Improved Construction and System Preservation Technologies
new strategies to enhance the quality performance of highway systems
Accelerated Construction Technology Transfer (ACTT)
April 2004, Knoxville, Tennessee
Accelerated Construction Technology Transfer (ACTT) is a strategic process that uses innovative techniques and technologies to reduce construction time on major highway projects while enhancing safety and improving quality. The process is implemented by conducting 2-day workshops for State Departments of Transportation (DOTs). The American Association of State Highway Transportation Officials (AASHTO) and the Federal Highway Administration (FHWA) jointly fund ACTT workshops.
In April 2004, the Tennessee Department of Transportation (TDOT) hosted a workshop that brought together 82 transportation experts from 19 states. The primary objective of the workshop was to draw on the expertise of participants to help TDOT achieve its goal of minimizing construction time for its I-40 project between I-275 and Cherry Street in downtown Knoxville. The existing facility was built in the early 1960s, and includes substandard features like short weaving sections, left-hand entrance ramps with short acceleration lanes, and inadequate shoulders. While I-40 has a minimum of six through lanes east and west of downtown Knoxville, the section proposed for reconstruction is a "bottle neck" that has only four through lanes. The $160 million project involves widening and reconstructing the existing facility. Also, as part of this project, James White Parkway (SR-158) will undergo some improvements. A combination of additional lanes and geometric improvements at the I-40/SR-158 interchange is expected to help address the capacity issue of the project. The primary project challenge is to reduce construction time while minimizing right-of-way requirements and adverse environmental and socio-economic impacts to the community, which includes several historical districts adjacent to the highway.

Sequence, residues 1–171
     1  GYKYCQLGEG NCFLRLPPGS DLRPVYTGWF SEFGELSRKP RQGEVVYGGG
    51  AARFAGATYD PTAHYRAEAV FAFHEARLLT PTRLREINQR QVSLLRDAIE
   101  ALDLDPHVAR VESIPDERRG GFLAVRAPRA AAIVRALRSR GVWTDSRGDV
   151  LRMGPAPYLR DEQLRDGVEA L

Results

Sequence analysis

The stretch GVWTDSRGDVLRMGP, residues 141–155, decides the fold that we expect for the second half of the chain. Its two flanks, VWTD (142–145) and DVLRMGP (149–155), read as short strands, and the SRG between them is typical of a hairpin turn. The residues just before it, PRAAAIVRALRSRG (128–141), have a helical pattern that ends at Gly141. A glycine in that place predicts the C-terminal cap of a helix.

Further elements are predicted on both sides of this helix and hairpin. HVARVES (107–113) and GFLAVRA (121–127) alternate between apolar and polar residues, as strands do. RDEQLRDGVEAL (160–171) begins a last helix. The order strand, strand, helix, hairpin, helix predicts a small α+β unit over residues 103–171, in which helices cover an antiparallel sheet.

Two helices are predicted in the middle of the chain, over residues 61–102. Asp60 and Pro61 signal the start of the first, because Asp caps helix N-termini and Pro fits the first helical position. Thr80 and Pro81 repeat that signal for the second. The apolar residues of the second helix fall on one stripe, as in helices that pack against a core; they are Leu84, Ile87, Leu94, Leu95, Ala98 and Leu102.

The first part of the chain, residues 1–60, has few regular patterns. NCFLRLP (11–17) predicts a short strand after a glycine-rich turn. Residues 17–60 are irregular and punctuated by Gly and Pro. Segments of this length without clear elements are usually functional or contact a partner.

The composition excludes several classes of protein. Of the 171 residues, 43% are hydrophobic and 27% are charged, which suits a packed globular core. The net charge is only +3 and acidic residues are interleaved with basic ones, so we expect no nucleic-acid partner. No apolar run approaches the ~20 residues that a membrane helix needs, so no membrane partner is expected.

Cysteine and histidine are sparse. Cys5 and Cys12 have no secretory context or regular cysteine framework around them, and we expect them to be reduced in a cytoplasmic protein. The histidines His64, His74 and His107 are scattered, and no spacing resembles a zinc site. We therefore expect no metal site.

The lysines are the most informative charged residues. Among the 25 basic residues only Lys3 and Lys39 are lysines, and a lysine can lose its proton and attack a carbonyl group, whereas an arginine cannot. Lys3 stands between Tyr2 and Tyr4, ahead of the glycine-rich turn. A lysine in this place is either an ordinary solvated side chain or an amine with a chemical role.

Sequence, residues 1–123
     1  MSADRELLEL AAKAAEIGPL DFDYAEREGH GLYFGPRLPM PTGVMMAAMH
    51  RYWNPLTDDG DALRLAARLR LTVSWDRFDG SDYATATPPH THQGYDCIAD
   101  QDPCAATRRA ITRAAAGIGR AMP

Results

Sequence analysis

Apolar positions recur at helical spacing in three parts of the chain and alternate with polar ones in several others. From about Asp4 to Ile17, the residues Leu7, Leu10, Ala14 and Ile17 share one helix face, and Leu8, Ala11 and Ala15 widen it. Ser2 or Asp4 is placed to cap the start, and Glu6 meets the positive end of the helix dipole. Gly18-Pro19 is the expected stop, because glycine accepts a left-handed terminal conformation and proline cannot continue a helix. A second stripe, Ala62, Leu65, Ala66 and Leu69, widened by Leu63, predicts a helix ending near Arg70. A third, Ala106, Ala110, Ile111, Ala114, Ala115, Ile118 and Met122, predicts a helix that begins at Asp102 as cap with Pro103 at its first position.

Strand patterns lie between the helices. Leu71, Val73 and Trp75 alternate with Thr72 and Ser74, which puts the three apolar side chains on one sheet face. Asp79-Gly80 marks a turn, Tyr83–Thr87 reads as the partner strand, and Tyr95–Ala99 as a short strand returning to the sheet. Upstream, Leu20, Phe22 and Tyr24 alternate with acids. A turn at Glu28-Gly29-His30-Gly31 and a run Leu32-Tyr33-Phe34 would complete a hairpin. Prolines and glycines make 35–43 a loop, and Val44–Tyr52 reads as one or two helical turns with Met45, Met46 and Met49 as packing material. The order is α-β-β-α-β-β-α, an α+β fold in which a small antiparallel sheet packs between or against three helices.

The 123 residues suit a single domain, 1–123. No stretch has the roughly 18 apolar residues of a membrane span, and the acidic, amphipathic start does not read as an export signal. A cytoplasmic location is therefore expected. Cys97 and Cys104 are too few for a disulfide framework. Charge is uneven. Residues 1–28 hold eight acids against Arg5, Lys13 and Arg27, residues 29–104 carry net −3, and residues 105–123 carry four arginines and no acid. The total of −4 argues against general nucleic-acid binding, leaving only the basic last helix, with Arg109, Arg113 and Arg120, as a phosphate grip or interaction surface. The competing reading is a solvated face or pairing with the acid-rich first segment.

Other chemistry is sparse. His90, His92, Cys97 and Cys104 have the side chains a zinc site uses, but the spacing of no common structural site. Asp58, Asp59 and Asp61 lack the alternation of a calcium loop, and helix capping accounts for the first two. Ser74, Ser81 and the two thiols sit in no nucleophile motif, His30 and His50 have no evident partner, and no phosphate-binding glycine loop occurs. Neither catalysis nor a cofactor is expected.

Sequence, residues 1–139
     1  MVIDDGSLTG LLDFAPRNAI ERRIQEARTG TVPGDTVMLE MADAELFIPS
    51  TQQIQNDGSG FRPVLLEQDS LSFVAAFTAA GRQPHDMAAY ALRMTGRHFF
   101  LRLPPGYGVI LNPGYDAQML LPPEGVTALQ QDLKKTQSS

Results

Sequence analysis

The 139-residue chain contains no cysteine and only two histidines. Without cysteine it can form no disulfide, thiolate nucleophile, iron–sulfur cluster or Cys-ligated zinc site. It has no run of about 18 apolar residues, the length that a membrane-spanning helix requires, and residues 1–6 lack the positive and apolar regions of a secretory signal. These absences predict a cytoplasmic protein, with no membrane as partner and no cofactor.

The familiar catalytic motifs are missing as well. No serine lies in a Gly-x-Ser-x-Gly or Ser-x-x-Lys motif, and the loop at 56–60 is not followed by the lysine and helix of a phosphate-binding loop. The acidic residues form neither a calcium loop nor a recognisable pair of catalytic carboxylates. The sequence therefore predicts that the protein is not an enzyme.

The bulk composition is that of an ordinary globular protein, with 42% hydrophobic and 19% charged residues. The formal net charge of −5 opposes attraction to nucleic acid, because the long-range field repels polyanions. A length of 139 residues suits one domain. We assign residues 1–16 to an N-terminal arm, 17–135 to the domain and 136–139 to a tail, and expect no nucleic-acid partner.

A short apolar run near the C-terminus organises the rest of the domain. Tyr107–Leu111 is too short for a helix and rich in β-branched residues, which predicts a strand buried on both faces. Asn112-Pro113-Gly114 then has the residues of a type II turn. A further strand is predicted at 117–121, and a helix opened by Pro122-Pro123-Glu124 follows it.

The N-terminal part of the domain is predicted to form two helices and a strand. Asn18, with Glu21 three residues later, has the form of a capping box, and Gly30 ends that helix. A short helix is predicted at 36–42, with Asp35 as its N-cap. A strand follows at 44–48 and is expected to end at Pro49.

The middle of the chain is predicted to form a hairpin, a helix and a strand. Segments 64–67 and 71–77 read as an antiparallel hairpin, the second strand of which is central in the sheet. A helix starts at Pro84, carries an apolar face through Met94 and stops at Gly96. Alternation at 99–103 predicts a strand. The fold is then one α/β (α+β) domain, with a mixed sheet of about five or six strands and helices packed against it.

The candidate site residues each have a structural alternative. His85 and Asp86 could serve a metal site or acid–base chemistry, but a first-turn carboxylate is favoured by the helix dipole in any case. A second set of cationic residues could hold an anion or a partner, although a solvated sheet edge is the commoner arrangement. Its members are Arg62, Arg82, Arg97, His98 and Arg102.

Winston Gaffron, TDOT Assistant Chief Engineer, and Bobby Blackmon, FHWA Division Administrator, expressed support for the workshop as they welcomed the participants during the opening session. Dr. Donn Hancher, Assistant Dean of the College of Engineering, of the University of Kentucky gave the keynote address on "Why ACTT? Why Now?" which included an overview of several projects accelerated across the nation and their successes. Following the opening remarks and a project tour, the participants spent a day and a half brainstorming, looking for methods and measures that would help achieve project goals.
The workshop Skill Sets selected by TDOT prior to the start of the workshop were: Structures, Construction/Materials/Accelerated Testing/Constructability, Geotechnical, Innovative Contracting/Worker Health/Warranties, Traffic/Safety/ITS, and Environment/PR/Aesthetics. Each Skill Set team focused on how the ACTT process applied to the specific concerns in their area of expertise, while collectively the teams searched for methods and measures to help TDOT achieve its goals—maximize the flow of traffic on detour routes while minimizing the disruption to area residents and businesses; simplify the construction process and increase motorist safety during and after the project; and remain open to change throughout the process so that new opportunities for streamlining and safety can be realized as they arise.
The teams presented numerous ideas and recommendations, many of which were deemed viable and will be pursued, according to TDOT. Among recommendations presented were:
- Adjust span lengths to avoid existing foundations, and install spread footings and/or pin pile foundation under the James White Parkway before demolition of the existing bridge.
- Complete and open Hall of Fame Drive to traffic prior to the closure of I-40.
- Brand the project ASAP, determine/select dedicated PIO, develop a chart of communication flow, develop/establish credibility. Deploy an aggressive media campaign to educate the community about the project and identify alternate routes and transportation modes and encourage their use.
- Pre-procure materials that are on the critical path, such as bridge girders, manholes, retaining wall panels, and noise walls.
- Consider full span prefabrication and erection.
- Use Self Consolidating Concrete (SCC).
- Authorize utility relocation in advance of construction.
- Provide a contractual mechanism to expedite changes due to unanticipated subsurface or other conditions.
- Provide training on inspection of MSE walls and Drilled Shafts for field staff prior to construction.
- Provide corridor lighting rather than area lighting, which would flood neighborhoods.
With the workshop now completed, it remains for TDOT to sift through the reports produced by the Skill Set teams and decide which ideas should be implemented in future planning, design, and construction phases of the project.
To find out more about the project contact:
Scott McGuire for FHWA's Tennessee District Office, (615) 781-5774 Glenn Malone of TDOT, (865) 594-2405, Glenn.Malone@state.tn.us
To find out more about ACTT contact:
Jim Sorenson at (202) 366-1333, firstname.lastname@example.org, or Jerry Blanding at (410) 962-2253, email@example.com or visit http://www.fhwa.dot.gov/construction/.
U.S. Department of Transportation | Federal Highway Administration | Tennessee Division Office